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Full-Text Articles in Law

The Era Of Deference: Courts, Expertise, And The Emergence Of New Deal Administrative Law, Reuel E. Schiller Dec 2007

The Era Of Deference: Courts, Expertise, And The Emergence Of New Deal Administrative Law, Reuel E. Schiller

Michigan Law Review

The first two terms of Franklin Roosevelt's presidency (1933-1941) were periods of great administrative innovation. Responding to the Great Depression, Congress created scores of new administrative agencies charged with overseeing economic policy and implementing novel social welfare programs. The story of the constitutional difficulties that some of these policy innovations encountered is a staple of both New Deal historiography and the constitutional history of twentieth-century America. There has been very little writing, however, about how courts and the New Deal-era administrative state interacted after these constitutional battles ended. Having overcome constitutional hurdles, these administrative agencies still had to interact with …


Historical Evolution And Future Of Natural Resources Law And Policy: The Beginning Of An Argument And Some Modest Predictions, Sally K. Fairfax, Helen Ingram, Leigh Raymond Jun 2007

Historical Evolution And Future Of Natural Resources Law And Policy: The Beginning Of An Argument And Some Modest Predictions, Sally K. Fairfax, Helen Ingram, Leigh Raymond

The Future of Natural Resources Law and Policy (Summer Conference, June 6-8)

8 pages.

Includes bibliographical references

"Sally Fairfax, UC-Berkeley, Helen Ingram, UC-Irvine, and Leigh Raymond, Purdue University" -- Agenda


Significant Developments In Veterans Law (2004-2006) And What They Reveal About The U.S. Court Of Appeals For Veterans Claims And The U.S. Court Of Appeals For The Federal Circuit, Michael P. Allen May 2007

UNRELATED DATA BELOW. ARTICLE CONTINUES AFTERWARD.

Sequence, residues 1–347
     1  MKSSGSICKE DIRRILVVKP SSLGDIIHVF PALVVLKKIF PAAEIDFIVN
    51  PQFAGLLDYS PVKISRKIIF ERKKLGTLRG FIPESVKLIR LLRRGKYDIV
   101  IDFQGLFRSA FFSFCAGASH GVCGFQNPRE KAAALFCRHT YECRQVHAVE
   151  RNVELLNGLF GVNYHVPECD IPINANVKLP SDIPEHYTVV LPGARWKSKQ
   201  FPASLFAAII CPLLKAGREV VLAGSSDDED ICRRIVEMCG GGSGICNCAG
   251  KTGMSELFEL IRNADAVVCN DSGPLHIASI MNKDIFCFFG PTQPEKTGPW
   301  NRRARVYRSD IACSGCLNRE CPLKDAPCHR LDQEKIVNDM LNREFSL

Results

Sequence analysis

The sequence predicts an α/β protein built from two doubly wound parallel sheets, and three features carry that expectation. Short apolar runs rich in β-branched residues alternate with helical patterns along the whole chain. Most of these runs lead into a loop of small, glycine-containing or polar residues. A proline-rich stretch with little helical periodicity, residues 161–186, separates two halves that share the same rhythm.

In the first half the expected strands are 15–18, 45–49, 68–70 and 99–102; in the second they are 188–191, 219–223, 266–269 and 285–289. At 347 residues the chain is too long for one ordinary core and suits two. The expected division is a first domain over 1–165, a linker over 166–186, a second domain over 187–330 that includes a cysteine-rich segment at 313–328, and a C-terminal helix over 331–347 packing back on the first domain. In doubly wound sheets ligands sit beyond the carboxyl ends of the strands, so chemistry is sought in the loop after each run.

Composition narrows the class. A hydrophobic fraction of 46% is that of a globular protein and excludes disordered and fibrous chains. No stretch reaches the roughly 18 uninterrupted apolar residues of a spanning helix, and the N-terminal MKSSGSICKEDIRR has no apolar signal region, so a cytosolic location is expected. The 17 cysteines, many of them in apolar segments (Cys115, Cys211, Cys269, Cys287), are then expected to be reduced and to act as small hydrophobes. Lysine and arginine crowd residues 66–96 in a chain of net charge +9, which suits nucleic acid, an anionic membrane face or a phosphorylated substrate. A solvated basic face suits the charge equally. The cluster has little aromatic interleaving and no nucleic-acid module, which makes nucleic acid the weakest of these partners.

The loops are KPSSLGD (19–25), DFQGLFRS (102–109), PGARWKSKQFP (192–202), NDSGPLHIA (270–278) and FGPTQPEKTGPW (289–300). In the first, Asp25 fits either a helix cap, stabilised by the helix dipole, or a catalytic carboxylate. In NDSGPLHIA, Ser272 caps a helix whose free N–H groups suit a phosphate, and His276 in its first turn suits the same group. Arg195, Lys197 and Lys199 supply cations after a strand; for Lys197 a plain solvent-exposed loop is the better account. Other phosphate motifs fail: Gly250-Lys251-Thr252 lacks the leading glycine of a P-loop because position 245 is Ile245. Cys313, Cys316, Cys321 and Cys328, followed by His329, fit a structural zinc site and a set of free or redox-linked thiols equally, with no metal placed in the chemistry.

Significant Developments In Veterans Law (2004-2006) And What They Reveal About The U.S. Court Of Appeals For Veterans Claims And The U.S. Court Of Appeals For The Federal Circuit, Michael P. Allen

University of Michigan Journal of Law Reform

Nearly twenty years ago, Congress for the first time created a system for judicial review of decisions denying veterans benefits. Specifically, Congress created an Article I Court: the United States Court of Appeals for Veterans Claims. Veterans dissatisfied with actions of the Department of Veterans Affairs regarding benefits could appeal to the Veterans Court. The United States Court of Appeals for the Federal Circuit provided appellate oversight of the Veterans Court. There simply is nothing like the Veterans Court elsewhere in American law. Yet, despite its uniqueness, there has been little scholarly attention to this institution.

This Article begins to …


Lopez V. Gonzales: A Window On The Shortcomings Of The Federal Appellate Process, Brent E. Newton Apr 2007

Lopez V. Gonzales: A Window On The Shortcomings Of The Federal Appellate Process, Brent E. Newton

The Journal of Appellate Practice and Process

No abstract provided.


Scrutinizing The Second Amendment, Adam Winkler Feb 2007

Scrutinizing The Second Amendment, Adam Winkler

Michigan Law Review

One overlooked issue in the voluminous literature on the Second Amendment is what standard of review should apply to gun control if the Amendment is read to protect an individual right to bear arms. This lack of attention may be due to the assumption that strict scrutiny would necessarily apply because the right would be "fundamental" or because the right is located in the Bill of Rights. In this Article, Professor Winkler challenges that assumption and considers the arguments for a contrary conclusion: that the Second Amendment's individual right to bear arms is appropriately governed by a deferential, reasonableness review …


Imports Or Made-In-China: Comparison Of Two Constitutional Cases In China And The United States, Xiao Li Jan 2007

Imports Or Made-In-China: Comparison Of Two Constitutional Cases In China And The United States, Xiao Li

LLM Theses and Essays